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6 reasons to escape to Guatemala

6 reasons to escape to Guatemala

Guatemala is home to a rare natural wealth. It is a green country, with exuberant vegetation and infinite kilometers of coastline.

January 21, 2022

A natural setting in which relics of Mayan heritage and large buildings from the Spanish colonial era also nestle. All this in a Guatemala that seeks, with its business centers and modern buildings, to gain a foothold among the most powerful countries in Central America. Traveling to Guatemala is traveling through its history, following in the footsteps of the gods that still inhabit it, from the depths of the jungle to the vibrant metropolis. A contrast between the old and the new that will awaken your desire to visit it.

1. Old and New Guatemala City

Antigua is the name by which the former capital of Guatemala, the city of Santiago de los Caballeros, is known. It is located to the south and flanked by three large volcanoes. Here in Antigua time stood still on July 29, 1773 when a strong earthquake almost completely destroyed the city. Despite the disaster, Antigua still retains the majesty of a Spanish colonial capital. The beauty of the old town is striking, with its reddish tile roofs, cobbled streets and, above all, the imposing Catholic Cathedral of San José. After the earthquake, the country's capital moved to Guatemala City, a lively area full of museums, restaurants and cafes interspersed with the centuries-old buildings of the historic center, such as the National Palace.

2. A green country

If Guatemala has something, it is a very varied climate that gives rise to a very diverse fauna and flora, from the mangroves and wetlands of the Pacific to the forests of the Biotopo del Quetzal reserve, where the bird symbol of the country that protects and conserves lives. The habitat. Among so much nature it is essential to get lost in the tropical jungle. The months of February to May, before the rainy season begins, is the best time of year to take an excursion through the Guatemalan jungle. The entry point to the jungle will be the town of Cruce Dos Aguadas, from there we will arrive at the ancient Mayan city of Tikal. As you walk through the trees, be aware that you are stepping on the Maya Biosphere Reserve. 18,389 square kilometers of protected tropical forests with their climbing plants, spider monkeys and jaguars.

3. Tikal

This stone city was the cradle of the Mayan culture for more than seven hundred years. Tikal, located in Petén, was a Mayan superpower, however suddenly, and for no reason known to historians, civilization abandoned it. The panoramic view that we get from Tikal is impossible to find anywhere else on the planet: a gap has been made in the jungle for the enormous meadow – what used to be the Great Plaza – surrounded by stone constructions, roads, old houses and majestic temples. Among all the Temple of the Great Jaguar stands out -by size and beauty- above the others. It is a funerary pyramid built with limestone blocks and a giant staircase that reaches 44 meters high. Get up early and take the opportunity to see the sunrise surrounded by these temples, one of the 10 essential experiences you must do in Guatemala.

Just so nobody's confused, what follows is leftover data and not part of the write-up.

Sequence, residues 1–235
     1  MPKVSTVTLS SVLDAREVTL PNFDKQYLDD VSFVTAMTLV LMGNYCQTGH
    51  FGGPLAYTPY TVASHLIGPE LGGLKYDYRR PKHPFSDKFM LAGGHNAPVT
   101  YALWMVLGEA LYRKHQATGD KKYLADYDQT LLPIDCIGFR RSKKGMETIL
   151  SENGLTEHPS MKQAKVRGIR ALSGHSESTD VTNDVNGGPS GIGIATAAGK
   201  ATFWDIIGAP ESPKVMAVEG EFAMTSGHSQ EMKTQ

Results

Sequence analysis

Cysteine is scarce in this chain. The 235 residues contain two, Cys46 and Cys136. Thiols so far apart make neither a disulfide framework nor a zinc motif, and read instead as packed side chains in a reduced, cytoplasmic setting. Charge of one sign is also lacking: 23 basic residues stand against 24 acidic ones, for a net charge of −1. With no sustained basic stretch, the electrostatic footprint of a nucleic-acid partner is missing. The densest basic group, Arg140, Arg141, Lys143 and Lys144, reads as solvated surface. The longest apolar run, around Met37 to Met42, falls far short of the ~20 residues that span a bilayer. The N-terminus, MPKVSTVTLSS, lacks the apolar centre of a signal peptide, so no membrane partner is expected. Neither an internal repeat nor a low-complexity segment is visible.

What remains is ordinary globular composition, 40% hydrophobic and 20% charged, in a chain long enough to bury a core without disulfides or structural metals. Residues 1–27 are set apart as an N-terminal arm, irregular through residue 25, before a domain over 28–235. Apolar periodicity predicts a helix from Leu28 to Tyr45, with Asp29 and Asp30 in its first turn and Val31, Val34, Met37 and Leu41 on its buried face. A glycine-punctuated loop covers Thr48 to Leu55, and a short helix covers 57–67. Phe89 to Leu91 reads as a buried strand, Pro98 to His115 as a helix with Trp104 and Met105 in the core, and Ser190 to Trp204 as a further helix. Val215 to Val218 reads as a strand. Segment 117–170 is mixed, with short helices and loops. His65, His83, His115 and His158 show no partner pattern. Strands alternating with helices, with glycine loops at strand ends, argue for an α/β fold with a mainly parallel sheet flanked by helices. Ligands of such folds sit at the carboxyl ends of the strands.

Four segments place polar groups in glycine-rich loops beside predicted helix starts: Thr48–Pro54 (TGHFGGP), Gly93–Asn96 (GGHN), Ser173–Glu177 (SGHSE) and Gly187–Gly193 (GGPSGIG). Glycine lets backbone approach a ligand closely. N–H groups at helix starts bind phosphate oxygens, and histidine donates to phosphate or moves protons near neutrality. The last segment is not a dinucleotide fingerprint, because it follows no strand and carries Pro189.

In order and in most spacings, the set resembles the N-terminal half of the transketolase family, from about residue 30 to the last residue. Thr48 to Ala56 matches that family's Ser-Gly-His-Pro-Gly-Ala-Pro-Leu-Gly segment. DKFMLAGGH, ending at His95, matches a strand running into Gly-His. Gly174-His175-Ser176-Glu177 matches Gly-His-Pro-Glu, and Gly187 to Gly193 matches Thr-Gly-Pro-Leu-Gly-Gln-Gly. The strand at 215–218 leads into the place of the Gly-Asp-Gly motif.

5. Volcanic landscape

The Guatemalan horizon is full of these beautiful formations. The one in Tajamulco with 4,220 meters is the highest in Central America. Currently the Tajamulco volcano has no activity and is a protected natural area. It is worth visiting this giant that watches over the San Marcos area. Another unique volcano is Ipala. The ascent on foot –quite simple and pleasant– is done through walls covered to the millimeter with leafy nature. After the excursion you will discover its great treasure: a beautiful lagoon in its crater that is supplied with rainwater. The Pacaya volcano is one of the few that is active and from time to time offers a unique spectacle of fumaroles and lava flows.

6. Food and crafts

Guatemalan cuisine is delicious, especially the jocón. This dish is prepared with chicken or hen meat and is accompanied by a tasty green sauce and shallot. Don't forget to try the pepián or marzipan. The culture and tradition have been maintained in Guatemala regardless of the passing of the centuries. Today, Guatemalan women still sit on the narrow steps operating their looms to create, for example, the traditional tocoyal with its characteristic colors. In the craft markets they sell all kinds of hand-dyed fabrics and painted ceramics.




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